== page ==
There’s a concerning thread over at WebHosting Talk about a user being charged ten bucks by GoDaddy for ostensibly having incorrect contact information in his domain name registration information, despite the user’s claims that all the information was correct. Someone from GoDaddy actually posted details, as well as information about the policy regarding the charges (that they only charge if incorrect information is actually found); nobody has been able to find the actual user agreement that states this, though, and the original user continues to insist that his information was correct and that GoDaddy has begun ignoring any of his attempts to contact them in an official way.

Given that there’s a new policy coming into effect tomorrow that makes it a lot easier to lose your domain names (via domain transfer requests by nefarious others) if your contact information isn’t perfectly correct, now might be a good time to hop onto your registrars’ websites and verify that everything is as it should be. Most registrars will also allow you to “lock” your registrations so that domain transfers cannot take place without you manually going to their site and reversing the lock — GoDaddy allows this, as does and even the hoary Network Solutions. When this lock is in place, no transfer request can go through at all (in theory), protecting you from illegitimate transfer requests even when you’re away from your email for more than five days.

I’m with the other Jason in saying that the new policy is supremely idiotic, if only for the incredibly short notification period that is destined to lead to some pretty major domain name losses over the coming months. (After all, it’s reasonably hard to guarantee that you see and trust every single email that’s sent to the address in your registration records, given that this email address sits out there in public and manages to attract metric tons of spam, viruses, and phishing attempts!) And in reading the actual text of the policy, it seems that there’s a window created for registrars who want to side with consumers rather than ICANN and refuse to automatically grant transfers after five days — but that’s my non-legal read of it, which I’m not so sure I’d trust. Nonetheless, it’ll be interesting to see if any registrars become consumer-friendly in this regard.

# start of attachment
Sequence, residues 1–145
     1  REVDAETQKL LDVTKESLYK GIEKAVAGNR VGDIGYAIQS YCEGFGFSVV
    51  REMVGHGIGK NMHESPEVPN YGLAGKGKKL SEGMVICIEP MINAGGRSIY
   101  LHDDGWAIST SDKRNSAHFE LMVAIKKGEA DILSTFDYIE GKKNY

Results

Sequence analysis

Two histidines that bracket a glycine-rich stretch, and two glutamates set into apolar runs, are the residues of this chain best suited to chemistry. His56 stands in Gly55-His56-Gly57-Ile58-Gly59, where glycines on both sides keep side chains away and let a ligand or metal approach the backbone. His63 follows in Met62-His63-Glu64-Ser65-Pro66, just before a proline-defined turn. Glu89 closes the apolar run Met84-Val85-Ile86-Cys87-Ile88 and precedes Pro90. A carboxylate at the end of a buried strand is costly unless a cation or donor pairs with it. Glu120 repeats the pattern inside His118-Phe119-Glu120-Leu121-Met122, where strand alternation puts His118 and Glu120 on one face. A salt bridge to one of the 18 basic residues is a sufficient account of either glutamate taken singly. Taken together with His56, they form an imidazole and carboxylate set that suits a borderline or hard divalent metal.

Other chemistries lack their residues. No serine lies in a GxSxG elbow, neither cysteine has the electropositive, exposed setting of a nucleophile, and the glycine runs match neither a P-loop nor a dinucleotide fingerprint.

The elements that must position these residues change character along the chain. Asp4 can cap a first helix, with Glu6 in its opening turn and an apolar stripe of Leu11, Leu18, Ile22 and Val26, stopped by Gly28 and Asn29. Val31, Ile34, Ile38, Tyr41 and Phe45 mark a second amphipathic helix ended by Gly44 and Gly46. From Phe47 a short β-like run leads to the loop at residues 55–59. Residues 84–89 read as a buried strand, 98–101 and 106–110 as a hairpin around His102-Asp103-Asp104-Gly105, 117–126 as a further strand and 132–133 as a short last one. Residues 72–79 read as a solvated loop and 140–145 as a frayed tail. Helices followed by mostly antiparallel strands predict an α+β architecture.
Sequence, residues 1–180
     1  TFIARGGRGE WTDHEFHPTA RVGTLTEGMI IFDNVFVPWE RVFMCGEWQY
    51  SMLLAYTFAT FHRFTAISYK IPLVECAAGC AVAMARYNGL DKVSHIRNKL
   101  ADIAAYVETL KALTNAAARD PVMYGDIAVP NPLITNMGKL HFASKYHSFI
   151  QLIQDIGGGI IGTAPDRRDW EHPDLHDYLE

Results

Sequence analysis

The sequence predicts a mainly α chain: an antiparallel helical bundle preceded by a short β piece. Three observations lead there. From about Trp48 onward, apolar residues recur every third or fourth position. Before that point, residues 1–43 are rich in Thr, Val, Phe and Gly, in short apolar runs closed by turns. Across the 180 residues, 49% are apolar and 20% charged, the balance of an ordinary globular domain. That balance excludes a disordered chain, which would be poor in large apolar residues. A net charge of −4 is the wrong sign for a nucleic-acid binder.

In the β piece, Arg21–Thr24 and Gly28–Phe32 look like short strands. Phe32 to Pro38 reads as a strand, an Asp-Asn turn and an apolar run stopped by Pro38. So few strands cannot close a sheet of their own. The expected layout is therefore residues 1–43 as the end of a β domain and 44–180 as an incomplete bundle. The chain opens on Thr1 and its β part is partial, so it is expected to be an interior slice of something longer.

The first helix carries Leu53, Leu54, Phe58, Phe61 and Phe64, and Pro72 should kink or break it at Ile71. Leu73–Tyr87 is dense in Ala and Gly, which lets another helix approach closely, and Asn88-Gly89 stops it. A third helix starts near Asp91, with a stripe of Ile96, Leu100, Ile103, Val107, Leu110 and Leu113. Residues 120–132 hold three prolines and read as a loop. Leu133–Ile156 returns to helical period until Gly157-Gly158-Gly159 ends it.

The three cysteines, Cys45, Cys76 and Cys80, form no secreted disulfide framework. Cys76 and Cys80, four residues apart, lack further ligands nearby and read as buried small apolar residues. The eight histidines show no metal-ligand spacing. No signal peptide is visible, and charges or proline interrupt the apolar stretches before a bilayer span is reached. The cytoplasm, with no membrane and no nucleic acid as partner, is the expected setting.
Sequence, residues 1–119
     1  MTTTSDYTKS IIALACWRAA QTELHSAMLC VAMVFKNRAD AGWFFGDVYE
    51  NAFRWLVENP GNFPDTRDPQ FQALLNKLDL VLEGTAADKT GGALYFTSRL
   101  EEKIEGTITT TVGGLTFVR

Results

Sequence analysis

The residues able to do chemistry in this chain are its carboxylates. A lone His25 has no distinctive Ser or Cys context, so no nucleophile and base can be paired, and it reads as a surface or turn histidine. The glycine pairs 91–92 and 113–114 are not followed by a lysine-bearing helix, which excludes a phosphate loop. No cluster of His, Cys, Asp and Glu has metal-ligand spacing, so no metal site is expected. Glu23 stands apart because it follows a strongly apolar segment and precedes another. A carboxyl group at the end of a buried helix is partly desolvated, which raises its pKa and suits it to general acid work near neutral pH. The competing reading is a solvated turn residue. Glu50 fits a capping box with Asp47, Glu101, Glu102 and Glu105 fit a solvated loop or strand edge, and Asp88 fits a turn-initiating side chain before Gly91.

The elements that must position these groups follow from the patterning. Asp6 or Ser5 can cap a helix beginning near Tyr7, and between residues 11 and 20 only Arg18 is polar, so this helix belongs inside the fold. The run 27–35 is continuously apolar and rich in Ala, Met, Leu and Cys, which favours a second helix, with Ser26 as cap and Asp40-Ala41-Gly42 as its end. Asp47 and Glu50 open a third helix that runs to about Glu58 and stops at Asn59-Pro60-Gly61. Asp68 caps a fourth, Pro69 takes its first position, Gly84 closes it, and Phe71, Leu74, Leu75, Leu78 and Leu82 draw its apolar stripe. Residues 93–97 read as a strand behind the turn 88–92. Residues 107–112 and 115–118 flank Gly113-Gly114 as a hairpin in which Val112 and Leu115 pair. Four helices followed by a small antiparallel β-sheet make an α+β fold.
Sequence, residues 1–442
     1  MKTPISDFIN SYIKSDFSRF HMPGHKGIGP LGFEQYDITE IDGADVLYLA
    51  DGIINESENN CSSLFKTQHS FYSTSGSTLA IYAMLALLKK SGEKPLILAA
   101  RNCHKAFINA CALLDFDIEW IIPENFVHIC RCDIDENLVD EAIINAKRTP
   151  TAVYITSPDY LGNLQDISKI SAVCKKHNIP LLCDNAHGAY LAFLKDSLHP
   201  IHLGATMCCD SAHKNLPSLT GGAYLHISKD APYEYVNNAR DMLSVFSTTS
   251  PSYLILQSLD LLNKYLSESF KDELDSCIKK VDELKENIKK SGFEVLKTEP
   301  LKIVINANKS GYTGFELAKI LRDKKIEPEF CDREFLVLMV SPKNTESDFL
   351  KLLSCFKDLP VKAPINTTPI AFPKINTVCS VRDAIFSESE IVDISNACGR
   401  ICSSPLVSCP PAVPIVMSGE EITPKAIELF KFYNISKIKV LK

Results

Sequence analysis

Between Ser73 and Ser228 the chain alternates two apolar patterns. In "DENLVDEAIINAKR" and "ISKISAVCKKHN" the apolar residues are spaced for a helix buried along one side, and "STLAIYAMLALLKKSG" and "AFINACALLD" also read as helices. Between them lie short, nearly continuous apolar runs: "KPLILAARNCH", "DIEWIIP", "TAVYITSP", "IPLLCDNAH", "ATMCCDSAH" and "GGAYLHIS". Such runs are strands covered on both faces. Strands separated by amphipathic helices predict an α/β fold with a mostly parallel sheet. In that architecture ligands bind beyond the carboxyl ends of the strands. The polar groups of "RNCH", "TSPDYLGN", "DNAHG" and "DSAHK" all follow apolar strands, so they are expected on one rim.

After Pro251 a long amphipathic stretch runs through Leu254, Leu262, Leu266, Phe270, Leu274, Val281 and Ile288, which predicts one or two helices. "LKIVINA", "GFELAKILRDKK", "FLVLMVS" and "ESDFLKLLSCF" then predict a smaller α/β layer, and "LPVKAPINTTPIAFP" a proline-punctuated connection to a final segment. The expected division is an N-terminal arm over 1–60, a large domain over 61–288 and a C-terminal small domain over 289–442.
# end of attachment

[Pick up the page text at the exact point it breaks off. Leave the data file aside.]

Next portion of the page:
(If you’re interested, links to the actual ICANN policy, with quotes of the relevant sections, are available in the extended version of this post.)

The new ICANN policy is the Policy on Transfer of Registrations between Registrars, and the bit you want to look for is section A.3. This reads, in part:

The [transfer authorization form] should be sent by the Registrar of Record to the Transfer Contact as soon as operationally possible, but must be sent not later than twenty-four (24) hours after receiving the transfer request from the Registry Operator.

Failure by the Registrar of Record to respond within five (5) calendar days to a notification from the Registry regarding a transfer request will result in a default “approval” of the transfer.